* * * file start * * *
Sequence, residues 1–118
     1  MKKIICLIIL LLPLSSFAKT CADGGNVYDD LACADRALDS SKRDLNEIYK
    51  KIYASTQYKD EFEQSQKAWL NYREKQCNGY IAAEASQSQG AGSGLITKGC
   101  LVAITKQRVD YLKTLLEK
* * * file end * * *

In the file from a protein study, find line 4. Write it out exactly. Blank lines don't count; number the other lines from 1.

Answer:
   101  LVAITKQRVD YLKTLLEK